Brooklyn is either sweet on the Domino development plan — or pushing a no-sugar diet.
Two Trees Management Co.’s distinctive new renderings for the conversion of the Williamsburg site drew cheers from backers who say the artsy architecture will create a vibrant and bustling waterfront community, and harsh words from critics who claim the strangely shaped structures are just the next step in the neighborhood’s march to gentrification.
Assemblyman Joe Lentol (D–Williamburg) and William Harvey, creator of the nascent North Brooklyn Creative Economy Zone — who are both on a list of approved sources distributed by Two Trees — each called this reporter and gave similarly-worded praise for the project.
“It’s inventive and so much better than the original Domino plan, which was not innovative at all,” said Lentol. “It was very paint-by-the-numbers.
“It’s a world-class plan that incorporates significant amount of space for the creative economy that will benefit North Brooklyn,” said Harvey. “The [Community Preservation Corporation Resources] was unimaginative and design-by-numbers.”
Both said the billion-dollar plan — which calls for four rental towers, a waterfront park, and a public square around the landmarked Domino refinery building — would help squelch rising rents in Williamsburg.
“This is going to be about the law of supply and demand,” said Lentol. “There is a need for residential housing.”
“It’s about supply and demand,” said Harvey. “If we have a bigger supply, it should mitigate prices.”
But project opponents said the SHoP Architects’ proposal for Dubai-style high-rises, decked out with prominent holes in the center of the buildings, is a sign that Williamsburg’s transition from bohemian to upscale is nearly complete.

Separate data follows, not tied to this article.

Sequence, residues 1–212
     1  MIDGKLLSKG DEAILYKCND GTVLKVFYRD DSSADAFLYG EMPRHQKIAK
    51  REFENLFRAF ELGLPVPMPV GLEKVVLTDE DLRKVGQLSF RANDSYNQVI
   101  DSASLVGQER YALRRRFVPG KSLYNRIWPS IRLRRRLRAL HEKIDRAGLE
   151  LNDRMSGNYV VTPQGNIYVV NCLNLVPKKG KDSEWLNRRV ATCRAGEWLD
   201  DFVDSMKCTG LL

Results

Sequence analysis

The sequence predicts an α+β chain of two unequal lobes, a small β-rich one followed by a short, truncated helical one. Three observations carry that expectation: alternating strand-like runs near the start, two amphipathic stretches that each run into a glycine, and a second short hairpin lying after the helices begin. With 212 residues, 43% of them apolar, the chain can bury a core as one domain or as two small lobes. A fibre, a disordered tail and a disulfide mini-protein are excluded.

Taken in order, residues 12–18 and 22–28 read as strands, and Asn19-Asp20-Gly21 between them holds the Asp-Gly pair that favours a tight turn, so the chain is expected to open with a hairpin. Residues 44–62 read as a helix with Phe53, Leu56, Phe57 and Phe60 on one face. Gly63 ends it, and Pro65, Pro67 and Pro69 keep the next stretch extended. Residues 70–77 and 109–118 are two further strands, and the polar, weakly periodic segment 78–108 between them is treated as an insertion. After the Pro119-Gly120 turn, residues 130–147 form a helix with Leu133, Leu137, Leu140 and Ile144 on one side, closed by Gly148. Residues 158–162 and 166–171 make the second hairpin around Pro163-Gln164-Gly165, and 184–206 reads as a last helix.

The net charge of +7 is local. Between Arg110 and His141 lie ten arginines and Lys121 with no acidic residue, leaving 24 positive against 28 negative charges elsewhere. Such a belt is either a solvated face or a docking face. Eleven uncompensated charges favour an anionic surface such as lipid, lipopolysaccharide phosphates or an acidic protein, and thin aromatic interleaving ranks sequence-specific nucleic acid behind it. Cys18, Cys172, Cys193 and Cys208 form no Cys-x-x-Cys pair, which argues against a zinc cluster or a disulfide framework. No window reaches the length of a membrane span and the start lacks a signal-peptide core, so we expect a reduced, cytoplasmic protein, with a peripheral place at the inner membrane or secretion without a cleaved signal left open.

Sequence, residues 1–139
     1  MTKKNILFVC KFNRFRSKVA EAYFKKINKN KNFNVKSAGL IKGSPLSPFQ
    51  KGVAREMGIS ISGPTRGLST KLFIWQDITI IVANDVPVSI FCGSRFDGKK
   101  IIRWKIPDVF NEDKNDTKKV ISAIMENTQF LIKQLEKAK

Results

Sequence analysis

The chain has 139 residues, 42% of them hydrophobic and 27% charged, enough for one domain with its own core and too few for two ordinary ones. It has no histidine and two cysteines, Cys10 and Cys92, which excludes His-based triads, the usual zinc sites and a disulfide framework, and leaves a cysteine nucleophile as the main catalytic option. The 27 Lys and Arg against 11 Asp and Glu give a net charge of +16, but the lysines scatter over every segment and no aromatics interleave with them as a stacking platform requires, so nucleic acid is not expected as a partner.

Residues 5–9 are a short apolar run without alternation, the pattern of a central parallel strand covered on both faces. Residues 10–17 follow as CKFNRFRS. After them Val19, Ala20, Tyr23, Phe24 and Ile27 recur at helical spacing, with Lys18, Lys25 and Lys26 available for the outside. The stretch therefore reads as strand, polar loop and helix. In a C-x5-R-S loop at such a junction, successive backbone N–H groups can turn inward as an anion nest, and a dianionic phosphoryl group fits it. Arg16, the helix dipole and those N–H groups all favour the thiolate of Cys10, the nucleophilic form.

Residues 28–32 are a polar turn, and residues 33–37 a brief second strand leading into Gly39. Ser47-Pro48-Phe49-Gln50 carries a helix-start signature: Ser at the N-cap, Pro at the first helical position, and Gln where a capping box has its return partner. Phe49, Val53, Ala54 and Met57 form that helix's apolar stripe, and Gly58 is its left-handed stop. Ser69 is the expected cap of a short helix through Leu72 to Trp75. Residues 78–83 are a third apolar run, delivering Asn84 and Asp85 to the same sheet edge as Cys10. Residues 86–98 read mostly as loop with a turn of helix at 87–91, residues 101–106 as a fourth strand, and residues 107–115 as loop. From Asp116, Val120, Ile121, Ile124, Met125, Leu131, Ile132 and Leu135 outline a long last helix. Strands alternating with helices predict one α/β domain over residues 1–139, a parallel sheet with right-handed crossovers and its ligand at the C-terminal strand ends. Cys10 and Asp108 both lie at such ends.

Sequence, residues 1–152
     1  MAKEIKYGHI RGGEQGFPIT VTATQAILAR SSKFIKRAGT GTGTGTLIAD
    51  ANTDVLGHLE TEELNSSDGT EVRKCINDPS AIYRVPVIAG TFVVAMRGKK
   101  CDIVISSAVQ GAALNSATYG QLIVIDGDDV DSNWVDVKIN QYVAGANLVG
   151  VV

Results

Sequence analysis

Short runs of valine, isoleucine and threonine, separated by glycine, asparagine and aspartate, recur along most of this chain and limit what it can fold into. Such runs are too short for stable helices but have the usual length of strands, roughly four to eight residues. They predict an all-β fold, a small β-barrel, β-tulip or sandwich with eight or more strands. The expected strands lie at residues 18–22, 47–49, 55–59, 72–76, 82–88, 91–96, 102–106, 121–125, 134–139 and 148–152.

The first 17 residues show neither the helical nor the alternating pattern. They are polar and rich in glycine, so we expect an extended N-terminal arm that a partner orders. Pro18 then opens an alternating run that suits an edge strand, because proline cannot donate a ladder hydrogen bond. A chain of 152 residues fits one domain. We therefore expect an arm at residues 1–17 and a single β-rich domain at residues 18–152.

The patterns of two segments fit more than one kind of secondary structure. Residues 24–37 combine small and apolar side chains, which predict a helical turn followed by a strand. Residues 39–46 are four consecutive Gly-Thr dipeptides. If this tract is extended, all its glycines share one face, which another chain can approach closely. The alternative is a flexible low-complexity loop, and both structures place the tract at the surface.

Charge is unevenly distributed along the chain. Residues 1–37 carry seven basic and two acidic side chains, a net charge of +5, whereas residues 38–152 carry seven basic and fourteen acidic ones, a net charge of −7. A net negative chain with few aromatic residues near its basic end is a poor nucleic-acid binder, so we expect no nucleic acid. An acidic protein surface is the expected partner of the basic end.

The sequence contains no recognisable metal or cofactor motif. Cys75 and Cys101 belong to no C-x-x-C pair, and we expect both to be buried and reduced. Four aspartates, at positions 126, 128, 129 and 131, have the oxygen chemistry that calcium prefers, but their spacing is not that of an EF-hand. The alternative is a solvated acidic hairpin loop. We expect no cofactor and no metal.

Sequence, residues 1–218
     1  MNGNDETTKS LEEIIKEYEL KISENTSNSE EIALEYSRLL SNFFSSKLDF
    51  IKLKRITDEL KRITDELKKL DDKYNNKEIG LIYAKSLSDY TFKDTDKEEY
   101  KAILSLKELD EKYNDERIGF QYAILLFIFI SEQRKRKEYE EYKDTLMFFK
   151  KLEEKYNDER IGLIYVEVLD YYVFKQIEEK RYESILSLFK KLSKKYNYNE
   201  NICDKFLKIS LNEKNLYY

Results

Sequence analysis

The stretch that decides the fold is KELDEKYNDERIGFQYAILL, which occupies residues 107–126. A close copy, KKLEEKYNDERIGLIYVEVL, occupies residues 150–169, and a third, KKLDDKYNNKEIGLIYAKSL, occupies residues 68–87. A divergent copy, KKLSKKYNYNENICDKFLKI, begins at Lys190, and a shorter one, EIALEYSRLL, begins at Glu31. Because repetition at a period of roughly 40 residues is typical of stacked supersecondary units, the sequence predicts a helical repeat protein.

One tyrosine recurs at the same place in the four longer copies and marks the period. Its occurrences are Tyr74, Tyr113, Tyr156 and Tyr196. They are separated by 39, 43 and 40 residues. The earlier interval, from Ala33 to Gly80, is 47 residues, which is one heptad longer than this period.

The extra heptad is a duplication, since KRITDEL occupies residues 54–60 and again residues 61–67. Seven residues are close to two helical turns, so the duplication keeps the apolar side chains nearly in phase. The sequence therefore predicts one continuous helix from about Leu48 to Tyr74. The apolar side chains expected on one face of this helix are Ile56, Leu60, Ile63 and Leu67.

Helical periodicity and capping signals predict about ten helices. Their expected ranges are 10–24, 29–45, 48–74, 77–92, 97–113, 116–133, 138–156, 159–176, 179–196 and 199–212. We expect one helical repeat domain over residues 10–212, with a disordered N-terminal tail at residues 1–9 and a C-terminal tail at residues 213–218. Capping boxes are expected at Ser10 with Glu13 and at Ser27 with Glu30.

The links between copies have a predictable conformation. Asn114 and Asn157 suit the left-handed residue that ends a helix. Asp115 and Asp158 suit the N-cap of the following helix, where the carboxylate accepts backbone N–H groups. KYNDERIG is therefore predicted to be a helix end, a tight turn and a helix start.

“It is now easier than ever for the financiers who will soon make up the bulk of the residents of Williamsburg’s waterfront to land their hovercrafts inside of their be-holed condominium tower,” quipped Gawker scribe Hamilton Nolan.
Neighborhood landlord Stephanie Eisenberg, a vocal opponent of the original plan, said she has just as much apprehension about the Two Trees proposal, which calls for 2,284 apartments, 660 of them charging below-market-rate rents.
“It’s a socio-economically segregated community,” said Eisenberg, who once suggested turning the Domino refinery into a museum. “It’s dead. It’s boring.”
Community merchants are excited about any development at the former sugar factory, with Aurora Ristorante general manager Damien Graef saying he would support “anything that brings more people west of Bedford [Avenue],” and Main Drag Music owner and founder Karl Myers calling it “a step forward for the neighborhood” that could lead him to carry more high-end products that would cater to the new tenants.
Councilman Steve Levin (D–Williamsburg) — a long-time foe of the original Domino plan who gave the now-scrapped proposal his blessing after convincing builders to shave six stories from its tallest towers — said he finds the new design “ambitious and interesting” and is happy about increased office and green space, but is reserving judgement for now.
“It’s a very big project and there’s plenty to work through,” said Levin.